In my irritated previous post about Doomsday Book, I failed to mention that one of the things I’m very much enjoying about the book is the lovingly detailed picture of life in medieval England, which at one point involves a concept entirely new to me (and a new sense of a familiar word). The domineering mother-in-law sends out for sugar, saying “We have none for the subtlety nor the sweetmeats.” Subtlety? Turns out that’s a term the OED defines thus: “5. Cookery. A highly ornamental device, wholly or chiefly made of sugar, sometimes eaten, sometimes used as a table decoration. Obs. exc. Hist.” (The first citation is from The Form of Cury, the early cookbook I wrote about back in 2003: “It techiþ for to make curious potages & meetes and sotiltees.”) Wikipedia tells us it’s the older English term for what is more commonly known as an entremet. And there’s a detailed description in The Penguin Companion to Food (see this post):
While medieval diners ate, at formal meals, they observed the spectacle that was performed between courses. The course was called a met; the activities between courses were therefore the entremets.[…] The contemporary English term was ‘soteltie’. (The subjects, however, were not always subtle, as when a woman in childbirth was depicted as a soteltie for a wedding.)
There were two basic types: the plainer was a setpiece, made of anything from pastry or butter to wood and canvas; the more elaborate ones (entremets mouvants) included automatons or live participants. They were amalgams of song, theatre, mechanics, and carpentry, combined to convey an allegorical fantasy or even a political message.
The execution of a series of entremets for important festivities occupied large numbers of people. The preparations for the entertainments at the wedding of Charles the Bold brought craftsmen to Bruges for weeks at a time—painters, sculptors, carpenters, and wax modellers by the dozens. The banquet entremets displayed the ducal wealth; their imaginativeness revealed the mentality of a culture. At the Feast of the Pheasant, for example, Philip the Fair was trying, at least ostensibly, to induce his guests to join him on a crusade to rescue Constantinople from the infidel. Assuming leadership of a crusade, traditionally the role of the Holy Roman emperor, would have enhanced Burgundy’s claims to higher political status. A programmatic entremet was enacted to stimulate enthusiasm. A giant Saracen entered, leading an elephant (the chronicle unfortunately does not tell how it was contrived). Seated on the elephant was that excellent knight, co-organizer, and later chronicler of the feast Olivier de La Marche, playing the role of the captive Eastern Church. He wore a long white gown and sang, in a falsetto voice, a moving plea to Duke Philip.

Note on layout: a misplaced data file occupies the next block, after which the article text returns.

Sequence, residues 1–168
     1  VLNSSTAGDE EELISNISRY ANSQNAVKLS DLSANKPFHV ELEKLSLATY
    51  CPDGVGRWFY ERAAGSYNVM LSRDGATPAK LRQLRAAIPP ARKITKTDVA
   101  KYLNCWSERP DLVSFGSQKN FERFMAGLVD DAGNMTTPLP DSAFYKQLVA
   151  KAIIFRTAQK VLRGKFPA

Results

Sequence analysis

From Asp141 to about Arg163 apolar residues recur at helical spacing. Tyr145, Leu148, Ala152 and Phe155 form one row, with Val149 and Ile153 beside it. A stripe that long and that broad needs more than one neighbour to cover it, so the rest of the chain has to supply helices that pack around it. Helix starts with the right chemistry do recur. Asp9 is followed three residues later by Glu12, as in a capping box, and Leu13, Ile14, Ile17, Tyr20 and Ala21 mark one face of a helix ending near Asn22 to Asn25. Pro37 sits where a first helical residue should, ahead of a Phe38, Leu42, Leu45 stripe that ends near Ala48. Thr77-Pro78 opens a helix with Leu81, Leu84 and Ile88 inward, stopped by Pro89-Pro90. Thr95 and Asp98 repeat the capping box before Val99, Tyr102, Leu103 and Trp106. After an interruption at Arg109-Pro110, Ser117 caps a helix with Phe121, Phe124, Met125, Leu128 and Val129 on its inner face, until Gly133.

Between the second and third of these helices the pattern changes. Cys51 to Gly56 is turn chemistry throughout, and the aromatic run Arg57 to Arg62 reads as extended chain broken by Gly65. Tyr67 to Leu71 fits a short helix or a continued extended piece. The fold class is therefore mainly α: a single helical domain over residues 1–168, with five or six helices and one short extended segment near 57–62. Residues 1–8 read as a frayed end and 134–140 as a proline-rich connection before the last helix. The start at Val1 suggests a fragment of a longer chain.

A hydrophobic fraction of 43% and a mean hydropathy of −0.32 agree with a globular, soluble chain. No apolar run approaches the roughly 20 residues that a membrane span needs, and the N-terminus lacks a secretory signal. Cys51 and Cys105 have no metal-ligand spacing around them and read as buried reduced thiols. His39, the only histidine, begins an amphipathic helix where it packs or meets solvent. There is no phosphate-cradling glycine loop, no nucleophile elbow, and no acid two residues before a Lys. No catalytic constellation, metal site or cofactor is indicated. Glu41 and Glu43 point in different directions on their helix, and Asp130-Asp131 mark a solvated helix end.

The line between entremets made to be eaten and for allegorical purposes was not strictly observed. At Charles the Bold’s festivities a course at one meal consisted of some 30 pies, each enclosed in a silk pavilion and each bearing the name of a walled town under Charles’s rule. The visual effect was that of a military encampment; the message was clearly a statement of Charles’s military strength. A more pastoral, poetic conception appeared at the last of these wedding feasts. Thirty platters were made up to look like gardens, each with a golden hedge surrounding a different kind of fruit tree; each tree bore the name of a ducal abbey. Around the trees were figures of peasants harvesting the fruit while others held baskets with candied spices and fruit for the guests to eat. Other entremets at these festivities were more fantastic: a court dwarf rode in on the back of a lion and was given to the bride, Margaret of York, to whom he sang a song and presented a daisy (in French marguerite); they were followed by a dromedary ridden by Indians who released live birds to fly around the hall. There were also automatons and a whale containing musicians.
I had no idea dinners were so exciting in days of yore.